What I see online is a decline in original work and a drastic increase in sharing. Twitter offers little opportunity for analysis and explanation, but is great for sharing. Facebook does not impose the character limit of Twitter, but my experience has been most contributions are still shared news articles, posters, and videos. There are clearly data in the frequency of what is shared, but sharing is too easy and too imprecise. Sharing does not require careful reading of what is shared and without personalized, shared summarization, there is little evidence that what is shared is even understood. In comparison to something that is personally constructed and referenced, sharing provides only weak signals.

Maybe it is laziness. Maybe it is overload of one type of another. I think we are losing the strong signals that come from the thought required to put together personal statements in blogs and other social media constructions. Search will likely suffer. I also wonder if people even consider what they really think when they find it easier to use others say instead of speaking for themselves.

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You are complicit

Just so we are clear, you are complicit in this situation with Facebook. You were willing to be a heavy user of Facebook without understanding how Facebook works and how the company makes its money. You were willing to share your personal information in exchange for free access to the services of the social media company to share your pictures and comments about your family. You were also convinced that Facebook provided access to credible news and made this judgment because the news appeared in your feed so it must be accurate and well reasoned. You may have even forwarded the Russian propaganda to others with little personal analysis and related commentary. Now that some of the players – Facebook, Russia, you – have been identified, the big question is whether or not the list is complete. Were the characteristics used by Kushner and the RNC in targeting ads shared with Russian actors?

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How am I categorized by Facebook

The role Facebook appears to have played in the election of 2016 has created interest in how Facebook targets ads to each of us. Facebook collects information it can gather from our online behavior and these data are made available to those willing to pay to have specific ads provided to those with specific combinations of these data points. Core questions include what does Facebook know about us and what about this information results in us seeing any given ad?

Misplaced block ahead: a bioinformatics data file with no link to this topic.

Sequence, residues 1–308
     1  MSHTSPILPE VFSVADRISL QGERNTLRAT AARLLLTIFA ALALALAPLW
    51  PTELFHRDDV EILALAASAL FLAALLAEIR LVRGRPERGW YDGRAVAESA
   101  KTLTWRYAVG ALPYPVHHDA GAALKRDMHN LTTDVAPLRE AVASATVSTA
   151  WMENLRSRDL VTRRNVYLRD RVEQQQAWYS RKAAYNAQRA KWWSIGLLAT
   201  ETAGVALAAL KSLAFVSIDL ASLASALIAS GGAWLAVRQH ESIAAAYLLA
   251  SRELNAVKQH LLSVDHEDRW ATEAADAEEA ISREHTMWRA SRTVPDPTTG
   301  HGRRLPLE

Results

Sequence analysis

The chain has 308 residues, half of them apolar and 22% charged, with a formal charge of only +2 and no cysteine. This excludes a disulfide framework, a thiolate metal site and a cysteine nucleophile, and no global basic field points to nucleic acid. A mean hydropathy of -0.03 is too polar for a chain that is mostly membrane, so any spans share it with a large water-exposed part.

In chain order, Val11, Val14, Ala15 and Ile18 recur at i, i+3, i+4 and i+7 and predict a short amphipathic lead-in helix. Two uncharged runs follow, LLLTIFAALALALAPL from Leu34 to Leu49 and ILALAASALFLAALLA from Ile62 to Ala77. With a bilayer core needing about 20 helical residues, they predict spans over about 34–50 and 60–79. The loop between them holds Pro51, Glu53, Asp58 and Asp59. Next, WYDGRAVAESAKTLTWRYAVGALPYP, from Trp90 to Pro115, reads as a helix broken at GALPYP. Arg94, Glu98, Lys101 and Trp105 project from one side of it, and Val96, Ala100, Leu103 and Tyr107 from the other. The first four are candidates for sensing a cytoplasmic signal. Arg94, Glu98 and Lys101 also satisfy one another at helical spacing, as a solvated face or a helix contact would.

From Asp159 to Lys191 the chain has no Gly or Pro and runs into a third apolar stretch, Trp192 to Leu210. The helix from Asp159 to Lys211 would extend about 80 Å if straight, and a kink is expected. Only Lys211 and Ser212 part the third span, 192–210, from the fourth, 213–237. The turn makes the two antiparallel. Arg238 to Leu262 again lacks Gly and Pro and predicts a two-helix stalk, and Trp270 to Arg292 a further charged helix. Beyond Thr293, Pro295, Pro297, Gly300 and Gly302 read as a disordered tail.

This post from TNW addresses these questions and shows you how you can learn at least something relevant to these questions. This post is well worth your time.

Here is a simple thing you can try. When you are presented an ad on Facebook, you can ask why am I seeing this ad. The downward pointing caret should open a drop-down menu. If you find the ad useful, you are likely to see similar ads more frequently. If you are interested, this gives you some measure of control over what you are likely to see in the future. The option to ask for an explanation allows you to see something about the data used to select you for the ad that has appeared.

The following is the type of thing Facebook will reveal.

Here is an example with a little more political potential.

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Another gun tragedy

Brokaw offers sound advice. There is no defense for public access to military weapons. This has nothing to do with the constitution, it is the consequence of some sick NRA logic and the money flowing from this organization to politicians. The Make America Great motto has little meaning when the political process allows these events over and over. There are so many areas in which the arrogance of Americans prevents us from recognizing the sound decisions made in other countries.


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A hat to live by

Cindy loves to read or send me inspirational quotes she finds online. Things that are intended to help me find motivation or direction for my life. I think I have found something far better – an inspirational hat. I have many hats. This is the case because I keep forgetting the one I am supposed to have with me. I have a thin covering of hair on the top of my head and I must seek coverage to limit sun or cold exposure. I found this hat in the gift shop at Ha Ha Tonka (laughing waters) state park.

Ha Ha Tonka state park did have some other interesting things. This is the remains (it burned in the 1940s) of the Castle at Ha Ha Tonka. Those in the castle had a tremendous view overlooking the Lake of the Ozarks.